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Soapbox: Stirring up a duty storm

Published:  07 September, 2023

Bordeaux winemaker and British expat Gavin Quinney says UK duty is ‘even crazier’ than we first thought.

With the harvest across Europe well under way, the recent UK duty hikes should be off the agenda for anyone focused on bringing in the grapes. Yet, since the 20% increase this August on duty for still wine to £2.67, plus VAT for any bottle that’s 11.5-14.5% abv, it’s bizarre how one’s perspective can be influenced by PM Sunak’s new system of taxing wine on the level of alcohol.

That’s if you’re selling wine in the UK, of course and – granted – I’m in the unusual position of growing, making, bottling the stuff in France and delivering to people at home in the UK and to restaurateurs like Rick Stein. We pay the duty on the way through, via London City Bond.

First, the good news: sparkling wine. We have hand-harvested the grapes for our Crémant de Bordeaux and, as long we don’t overdo the second fermentation in bottle, we should be able to label it at 11% abv. Hooray… that’s £2.35 UK duty, plus VAT a bottle at the new level, compared to the old whack on fizz of £2.86 plus VAT.

It will be far trickier, alcohol-wise, for our 2023 dry whites and rosé. Still wines at 11.4% abv (to be labelled quite legally in the EU at 11% abv to get that lower UK duty of £2.35) could still be possible for us this year, but the weather has been quite sunny of late. So, with the riper grapes we might have to fall in line with paying the higher, catch-all tier of £2.67.

I would imagine retailers, importers and their producers are also targeting the 11% abv rate (or under) for sparkling and still wines that retail for less than around £15 a bottle. Fine if they do, though I’m not sure how they legally strip or spin out the alcohol without having a watering-down or flavour-losing effect.

Far worse may be to come if Defra’s recent proposals go ahead to “allow imported wine to be carbonated, sweetened, de-alcoholised in market”. Consumers won’t be able to move for manipulated, lower cost, Britain-based blends, not least some new-look bubbles.

“This will enable our industry to create more product lines for the UK market/tastes and give consumers more choice,” the government says. Oh, the joy.

From three duty bands to 27 – to 135

Until recently, I didn’t know that for wines sold in England, you can now label the alcohol level to one decimal place, eg 12.2% abv, 12.3%, 12.4%.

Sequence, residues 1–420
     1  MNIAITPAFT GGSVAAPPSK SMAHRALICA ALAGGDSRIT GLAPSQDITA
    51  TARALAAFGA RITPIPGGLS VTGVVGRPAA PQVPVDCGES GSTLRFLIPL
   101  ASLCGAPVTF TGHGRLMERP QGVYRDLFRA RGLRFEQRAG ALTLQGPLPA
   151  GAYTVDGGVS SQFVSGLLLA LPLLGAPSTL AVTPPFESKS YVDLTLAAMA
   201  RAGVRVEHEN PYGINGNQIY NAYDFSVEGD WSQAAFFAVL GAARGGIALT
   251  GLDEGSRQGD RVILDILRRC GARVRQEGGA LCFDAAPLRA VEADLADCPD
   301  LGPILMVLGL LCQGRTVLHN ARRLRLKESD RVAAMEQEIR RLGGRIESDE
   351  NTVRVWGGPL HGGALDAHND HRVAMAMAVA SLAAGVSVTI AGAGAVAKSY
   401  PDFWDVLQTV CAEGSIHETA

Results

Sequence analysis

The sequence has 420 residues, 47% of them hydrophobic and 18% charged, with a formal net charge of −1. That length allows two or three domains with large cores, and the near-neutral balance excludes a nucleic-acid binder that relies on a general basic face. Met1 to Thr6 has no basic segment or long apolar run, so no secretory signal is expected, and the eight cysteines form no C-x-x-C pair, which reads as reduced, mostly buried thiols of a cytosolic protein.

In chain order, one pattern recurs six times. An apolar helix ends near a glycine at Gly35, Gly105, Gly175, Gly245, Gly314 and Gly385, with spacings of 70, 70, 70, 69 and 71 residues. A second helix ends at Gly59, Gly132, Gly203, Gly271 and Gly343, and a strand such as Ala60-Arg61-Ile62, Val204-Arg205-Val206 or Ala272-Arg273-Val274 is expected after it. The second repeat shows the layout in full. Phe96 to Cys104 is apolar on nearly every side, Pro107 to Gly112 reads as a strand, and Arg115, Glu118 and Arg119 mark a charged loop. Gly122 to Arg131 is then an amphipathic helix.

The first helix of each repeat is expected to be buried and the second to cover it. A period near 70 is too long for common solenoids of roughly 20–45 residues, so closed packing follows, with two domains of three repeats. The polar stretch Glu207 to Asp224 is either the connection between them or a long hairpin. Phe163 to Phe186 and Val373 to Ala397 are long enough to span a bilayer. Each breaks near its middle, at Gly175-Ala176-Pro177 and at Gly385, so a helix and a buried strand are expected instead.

In the EU, we have to label with either the full percentage figure or in half percentage points, such as at 12% or 12.5% and this labelling rule is still in use in the UK, of course. A leeway of 0.5% is allowed, for both the EU and new UK label options.

So, while most of us in the wine trade have been saying it’s crazy for the UK government to replace the three previous bands of duty on wine between 8.5% and 22% abv – for still, sparkling and fortified wine at £2.23, £2.86 and £2.98 respectively – to a system with 27 new bands, it’s actually worse than that. There are 135 new bands between 8.5% and 22% if we adopt the UK label initiative.

As a quick explainer, wine between 8.5% and 22% abv has a new UK duty rate of £28.50 per litre of pure alcohol. If you multiply the volume of wine, eg 0.75 litres or 75cl for a bottle, with the level of alcohol, eg 12.2%, 12.3% etc, and then multiply this by £28.50, you obviously get a different rate for every decimal place. There are 65 different duty rates between 8.5% and 15% alone and the temporary fixed rate of £2.67 duty for wines in this bracket comes to an end on 30 January 2025. That’s really not far off.

If we include lower-alcohol wines from 1.3% (wines from 3.5-8.4% abv are taxed at £24.77 and 1.3-3.4% abv at £9.27 per litre of pure alcohol), from 1 February 2025 there will be over 200 bands of duty on wine from 1.3% to 22%, according to the current UK government guidelines, if you adopt the newly introduced UK label rules.

This, by way of a recap, was the government’s press release on 1 July. Exchequer secretary to the Treasury Gareth Davies said: “Because we left the EU, we can make sure our alcohol duty system works for us. From next month the whole system will be simpler – the duty will reflect the strength of the drink.”

Three bands of duty being replaced by scores of new UK duty rates doesn’t comes across as ‘simpler’. Not even a tiny bit.

For Quinney’s ‘Guide to UK duty hikes on wine’ visit